20 July 2012

Father of the Bride (starring Steve Martin, Diane Keaton and Kimberly Williams)

Back in 2007, I watched the original black-and-white version of 'Father of the Bride' on an aeroplane. I liked it very much, and a year or two ago looked for it on Amazon. I couldn't find a reasonable edition of the original DVD, but liked the sound of the 1991 update, particularly since it stars Steve Martin.

We finally sat down to watch it on our anniversary, which seemed like a suitable occasion. I gather that some purists don't like the updated version, feeling it's too different from the original (starring Spencer Tracy). I might have felt the same way if I had watched them within a few months of each other, but with nearly six years' gap I was able to enjoy this with only the most general idea of the storyline.

Steve Martin is, in my view, wonderful as the hapless father, who begins the movie - as in the original version - surveying the chaos that has ensued after his daughter's wedding. Then as he thinks back, the story moves to the time, some months previously, when Annie (Kimberly Williams) returned from college and announced that she had fallen in love...

It’s nicely done with plenty of modern updates. Martin's ideas of a simple wedding, once he finally accepts that it IS going to happen, are gradually eroded by Annie and also his long-suffering wife (Diane Keaton is excellent in the role). From the time they decide to take on a wedding organiser (brilliantly - and bizarrely - played by Martin short)he is reduced to counting the rapidly increasing costs, and giving up on any personal input.

I'm sure the details are very different from the original, but they work well in the context of the 1990s. There are some great choreographed scenes showing Steve Martin at his best. His son Matthew is nicely played by Kieran Culkin, and the family life is shown as strong and closely attached despite the father's obvious eccentricities. It felt warm and encouraging throughout.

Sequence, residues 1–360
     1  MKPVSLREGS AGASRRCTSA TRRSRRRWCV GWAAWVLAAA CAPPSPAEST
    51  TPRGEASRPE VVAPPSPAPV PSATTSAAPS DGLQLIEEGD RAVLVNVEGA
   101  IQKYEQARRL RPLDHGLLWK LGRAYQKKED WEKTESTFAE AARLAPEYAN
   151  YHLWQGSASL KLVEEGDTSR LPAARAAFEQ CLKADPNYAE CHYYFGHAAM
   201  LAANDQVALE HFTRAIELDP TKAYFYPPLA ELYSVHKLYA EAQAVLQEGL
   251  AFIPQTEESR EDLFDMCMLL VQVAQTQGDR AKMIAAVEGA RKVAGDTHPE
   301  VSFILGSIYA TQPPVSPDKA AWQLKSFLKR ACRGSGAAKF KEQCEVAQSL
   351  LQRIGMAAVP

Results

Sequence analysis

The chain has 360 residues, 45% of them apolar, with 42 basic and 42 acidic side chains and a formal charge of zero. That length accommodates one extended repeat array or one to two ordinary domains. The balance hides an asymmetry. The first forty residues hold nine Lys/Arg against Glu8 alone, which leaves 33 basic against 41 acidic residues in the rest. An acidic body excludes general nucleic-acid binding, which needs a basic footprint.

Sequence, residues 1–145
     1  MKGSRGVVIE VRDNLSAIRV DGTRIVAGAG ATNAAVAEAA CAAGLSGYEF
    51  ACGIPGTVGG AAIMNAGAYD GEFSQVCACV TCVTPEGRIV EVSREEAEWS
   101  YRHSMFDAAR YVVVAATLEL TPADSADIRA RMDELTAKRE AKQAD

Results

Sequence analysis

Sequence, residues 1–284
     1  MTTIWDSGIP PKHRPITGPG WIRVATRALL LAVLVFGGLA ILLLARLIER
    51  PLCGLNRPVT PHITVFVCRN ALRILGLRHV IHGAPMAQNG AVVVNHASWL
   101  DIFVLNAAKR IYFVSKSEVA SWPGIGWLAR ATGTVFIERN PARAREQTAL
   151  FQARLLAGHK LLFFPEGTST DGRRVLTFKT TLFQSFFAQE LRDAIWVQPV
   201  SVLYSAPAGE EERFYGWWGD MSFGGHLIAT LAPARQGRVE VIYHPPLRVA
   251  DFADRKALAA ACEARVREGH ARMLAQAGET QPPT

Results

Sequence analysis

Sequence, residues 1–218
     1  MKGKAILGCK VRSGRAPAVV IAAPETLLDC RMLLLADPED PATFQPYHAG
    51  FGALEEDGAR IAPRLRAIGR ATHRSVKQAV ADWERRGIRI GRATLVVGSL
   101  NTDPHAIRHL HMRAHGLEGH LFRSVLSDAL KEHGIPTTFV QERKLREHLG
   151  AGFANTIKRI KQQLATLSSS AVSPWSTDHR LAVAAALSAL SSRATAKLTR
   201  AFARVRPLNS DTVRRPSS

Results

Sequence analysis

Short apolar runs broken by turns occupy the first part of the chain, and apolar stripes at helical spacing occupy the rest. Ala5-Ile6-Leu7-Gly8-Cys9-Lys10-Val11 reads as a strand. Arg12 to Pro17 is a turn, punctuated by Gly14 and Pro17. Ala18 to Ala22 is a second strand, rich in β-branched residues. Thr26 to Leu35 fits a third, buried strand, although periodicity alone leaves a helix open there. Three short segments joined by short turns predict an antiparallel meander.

There's lots of light humour, a great pace, and then the ending was every bit as moving as I remember the original version being.

Definitely recommended.

Review copyright Sue's DVD Reviews

03 July 2012

Heidi [2005] (starring Emma Bolger and Max von Sydow)

I have loved the classic children’s story ‘Heidi’ for many years, so when I learned that there was a fairly recent film adaptation of the book, I thought I'd put it on my wishlist.

While I haven't read the book for many years now, my initial impression was that this 2005 version of 'Heidi' was pretty close to the original. Having said that, there were a few odd digressions - the 'Alm Uncle' being referred to as 'Uncle Alp', for one thing, and the goats' names being changed - both so minor as to seem rather pointless to have changed, although I'm not such a pedant as to worry over-much.

Still, the basic plot follows that of the book pretty well. Orphaned Heidi (Emma Bolger) is taken by her aunt to stay with her grumpy grandfather (Max von Sydow) when nobody else wants her. He isn't keen at first, but they grow to love each other, and Heidi makes friends with the goatherd Peter (Sam Friend).

Then, out of the blue, Heidi's aunt returns and snatches her away, to become a companion to the wealthy but disabled Clara. There, Heidi has her first taste of fine living, befriends people of all classes, and takes the fancy of Clara's grandmother...

The scenery is stunning at times, but the pace is a bit slow; it's not that I wanted to rush through the film, but there were times when almost nothing seemed to be happening. Moreoever, although the adults were well in character - I particularly liked Heidi's grandfather, and also the delightfully horrible Miss Rottenmeier (Geraldine Chaplin)- , we found the child actors disappointing. Peter was mostly believable, but Clara (Jessica Claridge) seemed rather twee and unreal, and Heidi herself, though believable in places, seemed over-done, with exaggerated yawns and tears at times, and little show of emotion in general. I wasn't worried by the faint Irish accent which came through, but it did seem rather incongruous.

Still, overall we thought this a likeable film which would probably be enjoyed by children of any age who have enjoyed the classic book.

Review copyright Sue's DVD Reviews